Saturday, February 28, 2009

Columbus Circle, 4:30 P.M.

On Central Park West, uniformed doormen stand at attention, quietly awaiting residents and visitors for whom they can open doors and carry packages with well-practiced and graceful aplomb. At Columbus Circle, cars, taxis and buses revolve around the crowded roundabout, the Trump Plaza towering above this magnificent southwestern corner of the park.

The ubiquitous steam rises from sidewalk grates, as harried women amongst the throngs of commuters emerging from the subway straighten stockings and brush hair from sweat-dappled foreheads. At every Starbucks (and, parenthetically speaking, there seems to be more than one at many city intersections---how can that be?) men in rumpled suits desultorily read the Wall Street Journal, type rapid-fire messages into Blackberries, and sip double-skinny-mocha-half-caf-lattes, careful not to spill the cream-colored gold onto company-owned laptop keyboards.

In a corner of the Starbucks at 59th and Broadway, a young woman in Goth attire and black eyeliner writes poetry in an old-fashioned composition book. A man with a seeing-eye dog bumps into the Goth girl’s chair and apologizes. The young woman is so very tempted to pet the dog, but remembers how she was admonished by her mother when she did just that several years ago when they were shopping at Macy’s.

You never touch or speak to a working dog, Jodie”, her mother had said. “You just don’t distract the dog from his job.” Jodie had looked at her mother and defiantly said “His or her job, Mom. His or her.”

Her mother had shot her a glance and replied, “Well, if you were more observant, my dear, you would have noticed the enormous balls on that dog, who is most certainly male. But, yes, I agree, gender-neutral speech is all the rage these days, and it’s most inconvenient.”

Jodie sighed to herself as she remembered that exchange, and rolled her eyes at the thought of her mother’s impending visit to New York.

Meanwhile, the barista with seven earrings and a nose ring contemplates whether grad school is really a good idea after all. Tattoo school sounds like such a better idea, but who knows if people will still want tattoos in this economic climate. They certainly still want their coffee, she thinks to herself, although she has indeed noticed a significant decrease in the number of people ordering the more expensive gourmet drinks.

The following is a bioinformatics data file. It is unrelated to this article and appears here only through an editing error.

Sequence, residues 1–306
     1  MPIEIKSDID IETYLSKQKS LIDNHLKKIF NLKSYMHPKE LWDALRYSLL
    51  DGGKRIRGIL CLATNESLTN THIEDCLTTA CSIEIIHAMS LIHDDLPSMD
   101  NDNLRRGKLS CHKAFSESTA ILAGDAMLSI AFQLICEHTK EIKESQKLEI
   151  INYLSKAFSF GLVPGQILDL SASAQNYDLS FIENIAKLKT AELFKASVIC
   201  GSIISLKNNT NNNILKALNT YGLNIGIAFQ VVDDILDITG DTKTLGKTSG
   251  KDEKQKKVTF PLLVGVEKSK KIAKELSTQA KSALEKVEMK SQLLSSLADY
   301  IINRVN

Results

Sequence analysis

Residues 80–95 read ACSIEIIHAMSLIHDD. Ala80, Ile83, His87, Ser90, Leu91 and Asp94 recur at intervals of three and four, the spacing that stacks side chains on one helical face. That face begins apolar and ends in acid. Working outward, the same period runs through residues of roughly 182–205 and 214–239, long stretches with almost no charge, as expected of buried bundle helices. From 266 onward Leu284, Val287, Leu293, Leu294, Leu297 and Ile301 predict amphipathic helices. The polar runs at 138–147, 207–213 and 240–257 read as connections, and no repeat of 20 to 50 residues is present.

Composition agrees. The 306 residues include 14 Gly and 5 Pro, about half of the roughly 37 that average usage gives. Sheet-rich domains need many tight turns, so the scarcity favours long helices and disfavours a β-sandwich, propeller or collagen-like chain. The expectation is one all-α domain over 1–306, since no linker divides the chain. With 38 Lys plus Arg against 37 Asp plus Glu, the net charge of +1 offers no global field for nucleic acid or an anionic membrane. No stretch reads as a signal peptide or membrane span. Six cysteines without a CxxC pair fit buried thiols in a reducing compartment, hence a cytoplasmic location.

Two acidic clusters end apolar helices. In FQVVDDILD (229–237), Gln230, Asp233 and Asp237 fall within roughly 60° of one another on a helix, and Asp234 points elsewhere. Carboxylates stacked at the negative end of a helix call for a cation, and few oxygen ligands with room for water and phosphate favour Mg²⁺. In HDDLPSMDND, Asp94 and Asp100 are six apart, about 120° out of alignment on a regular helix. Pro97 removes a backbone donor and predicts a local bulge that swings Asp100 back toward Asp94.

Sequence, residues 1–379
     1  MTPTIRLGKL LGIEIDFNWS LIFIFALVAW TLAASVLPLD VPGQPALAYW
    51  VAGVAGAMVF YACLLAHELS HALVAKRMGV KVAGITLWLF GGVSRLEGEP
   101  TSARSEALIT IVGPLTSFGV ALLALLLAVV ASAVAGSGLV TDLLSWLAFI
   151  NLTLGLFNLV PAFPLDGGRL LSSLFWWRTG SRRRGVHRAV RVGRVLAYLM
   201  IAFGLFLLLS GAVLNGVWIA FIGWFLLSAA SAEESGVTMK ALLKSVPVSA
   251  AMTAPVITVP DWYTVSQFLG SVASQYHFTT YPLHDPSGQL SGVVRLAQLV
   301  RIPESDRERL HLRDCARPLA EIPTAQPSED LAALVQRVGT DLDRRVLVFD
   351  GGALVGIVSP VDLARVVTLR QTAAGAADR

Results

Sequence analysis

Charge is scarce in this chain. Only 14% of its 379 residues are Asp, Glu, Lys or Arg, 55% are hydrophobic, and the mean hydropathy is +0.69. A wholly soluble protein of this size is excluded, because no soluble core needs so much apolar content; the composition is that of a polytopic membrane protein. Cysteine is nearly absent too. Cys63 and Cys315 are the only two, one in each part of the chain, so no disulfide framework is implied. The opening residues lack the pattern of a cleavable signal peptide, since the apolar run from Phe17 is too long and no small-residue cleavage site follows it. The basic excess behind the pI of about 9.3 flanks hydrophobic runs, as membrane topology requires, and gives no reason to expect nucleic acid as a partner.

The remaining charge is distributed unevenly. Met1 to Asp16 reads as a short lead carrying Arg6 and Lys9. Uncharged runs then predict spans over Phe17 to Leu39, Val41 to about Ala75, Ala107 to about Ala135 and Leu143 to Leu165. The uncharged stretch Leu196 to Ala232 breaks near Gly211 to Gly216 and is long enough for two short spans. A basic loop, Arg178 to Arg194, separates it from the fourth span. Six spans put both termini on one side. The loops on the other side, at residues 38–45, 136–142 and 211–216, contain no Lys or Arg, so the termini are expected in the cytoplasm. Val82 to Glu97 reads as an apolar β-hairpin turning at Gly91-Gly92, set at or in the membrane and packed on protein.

Nearby at the grocery store on 53rd and 8th, the flower delivery is an hour late. Cellophane-wrapped roses, carnations, lilies and baby’s breath are plucked from boxes and placed in their upright black display containers where fresh water was added just this morning from a green garden hose coiled in the corner for just that purpose.

Inside, the owner, Mr. Li, writes a check to the delivery person, checks his math, places the invoice in a dusty accordion file, and dials his sister’s number on the store phone. She’s halfway through chemo, and he wants to make sure that his nephew is accompanying her to Sloan-Kettering this afternoon for her ultrasound. There’s no answer, but before he can think of his next option, his cell-phone rings and his breathless sister is breathing heavily in his ear.

Can you bring me some kimchee tonight, brother? I need some kimchee. I don’t care what Dr. Slater says about spices.” He breathes a sigh of relief. Kimchee? Is that all? If only it could remain this easy. He hangs up and writes himself a note to bring home the best kimchee in the store. Last week, she was projectile vomiting. And next week?

On the avenue outside, sirens scream and Mr. Li looks up in time to see the ambulance rushing through the red light. “There but for the grace of God....”, he thinks to himself.

Inside the ambulance, Millicent Henry (whose first name means “she with the gentle gait”) looks up at the paramedics leaning over her and wonders what all the fuss is about. She knows that she’s dying, and she regrets ever allowing her husband to dial 911. Her remaining kidney is almost shot, and her liver is nearly kaput. Why won’t they let her be?

Her husband, Jack, insisted that they not transition to hospice just yet, relegating her to these torturous ambulance rides and heroic efforts by earnest and, she admits, frequently handsome EMTs. At 77, she knows handsome, and this face looking down at her most certainly deserves a spot on “ER”. The next George Clooney? Perhaps. No wonder her heart is racing.